The pullets I picked up are a variety.
I picked up four Olive Eggers. These are all white or white with black spots and lay eggs that range from light green to a deep, dark olive green. They might even throw the occasional blue egg. There is no way to know for sure until they start laying. They are 10 weeks old right now, so should be laying sometime in July.
|This was taken while we were transferring the pullets one by one into the new coop from the dog crate in my car that they rode in for the trip. The dog kennel had to be hosed out and scrubbed, of course!|
I also got two English mottled/jubilee Orpingtons. They are the oldest of the lot, at 11 weeks old. They produce light tan to off white eggs, and are probably going to be the largest of the chickens.
|These are the most distinct and colorful of the pullets we picked up, as well as the largest and oldest.|
The seventh chicken I picked up is an Icelandic. She is a light tan color, but this breed apparently comes in a huge color variety. We named her Hawk.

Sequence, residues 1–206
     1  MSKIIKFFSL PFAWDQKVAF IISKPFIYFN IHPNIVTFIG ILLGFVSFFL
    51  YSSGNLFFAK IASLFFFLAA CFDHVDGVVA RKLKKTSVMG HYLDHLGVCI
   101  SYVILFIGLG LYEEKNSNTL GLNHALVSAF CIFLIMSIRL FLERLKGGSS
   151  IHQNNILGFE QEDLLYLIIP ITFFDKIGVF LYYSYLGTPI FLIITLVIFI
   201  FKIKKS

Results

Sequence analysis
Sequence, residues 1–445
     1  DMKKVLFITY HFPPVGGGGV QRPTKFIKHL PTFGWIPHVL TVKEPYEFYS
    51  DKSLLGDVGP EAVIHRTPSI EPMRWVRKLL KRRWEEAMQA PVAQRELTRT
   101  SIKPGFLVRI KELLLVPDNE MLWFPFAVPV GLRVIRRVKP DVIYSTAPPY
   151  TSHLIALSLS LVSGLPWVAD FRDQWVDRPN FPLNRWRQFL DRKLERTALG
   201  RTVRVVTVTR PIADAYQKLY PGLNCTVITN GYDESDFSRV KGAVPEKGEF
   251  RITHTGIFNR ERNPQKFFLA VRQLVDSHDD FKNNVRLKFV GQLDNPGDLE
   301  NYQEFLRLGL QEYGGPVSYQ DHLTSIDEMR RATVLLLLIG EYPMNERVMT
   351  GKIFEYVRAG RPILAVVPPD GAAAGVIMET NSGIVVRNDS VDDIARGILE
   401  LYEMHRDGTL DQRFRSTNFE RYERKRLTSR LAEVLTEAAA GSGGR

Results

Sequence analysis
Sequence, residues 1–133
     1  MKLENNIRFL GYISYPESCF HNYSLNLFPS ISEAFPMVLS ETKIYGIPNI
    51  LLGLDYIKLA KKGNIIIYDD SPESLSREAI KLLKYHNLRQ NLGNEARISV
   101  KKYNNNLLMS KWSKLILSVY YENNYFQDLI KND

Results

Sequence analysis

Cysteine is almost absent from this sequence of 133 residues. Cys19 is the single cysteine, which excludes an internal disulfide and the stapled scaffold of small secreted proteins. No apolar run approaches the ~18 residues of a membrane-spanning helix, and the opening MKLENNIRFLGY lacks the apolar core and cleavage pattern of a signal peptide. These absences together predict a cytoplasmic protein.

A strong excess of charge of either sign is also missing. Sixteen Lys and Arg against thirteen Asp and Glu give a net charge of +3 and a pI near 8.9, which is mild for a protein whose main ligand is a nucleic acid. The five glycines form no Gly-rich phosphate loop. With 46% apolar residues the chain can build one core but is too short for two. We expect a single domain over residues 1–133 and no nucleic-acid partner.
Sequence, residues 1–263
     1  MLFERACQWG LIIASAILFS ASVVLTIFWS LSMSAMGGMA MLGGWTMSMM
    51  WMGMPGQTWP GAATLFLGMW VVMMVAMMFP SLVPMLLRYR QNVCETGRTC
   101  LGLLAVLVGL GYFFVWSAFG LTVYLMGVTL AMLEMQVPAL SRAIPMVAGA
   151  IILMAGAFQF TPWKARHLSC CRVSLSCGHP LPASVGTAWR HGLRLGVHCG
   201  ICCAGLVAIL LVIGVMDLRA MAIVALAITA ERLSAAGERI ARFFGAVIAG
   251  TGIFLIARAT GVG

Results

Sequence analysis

|This Icelandic is under watch just in case she is actually a roo rather than a hen.|
|She has such an attitude, and a really fun poofy crown of feathers, so we are hoping she is a girl.|
And of course, I had to stick around and get some pictures of the chickens after we got them all set up in their temporary coop. They seemed to be having fun eating grass, leftover foodstuff from the kitchen, and some chicken food. And of course drinking water. Chickens are super cute when they drink water.
|Gossiping around the water cooler|
|Hawk really isn't this bad tempered, I promise!|
They also had a few disagreements here and there, resulting in lots of flapping.
|Some wing flapping while they figure out the pecking order in this new set up.|
Overall, though, all of the chickens seemed happy in their new digs. Hopefully they stay happy! Their new coop should be done in the next month or so, and then they will have even more room to enjoy. Happy chickens produce more eggs!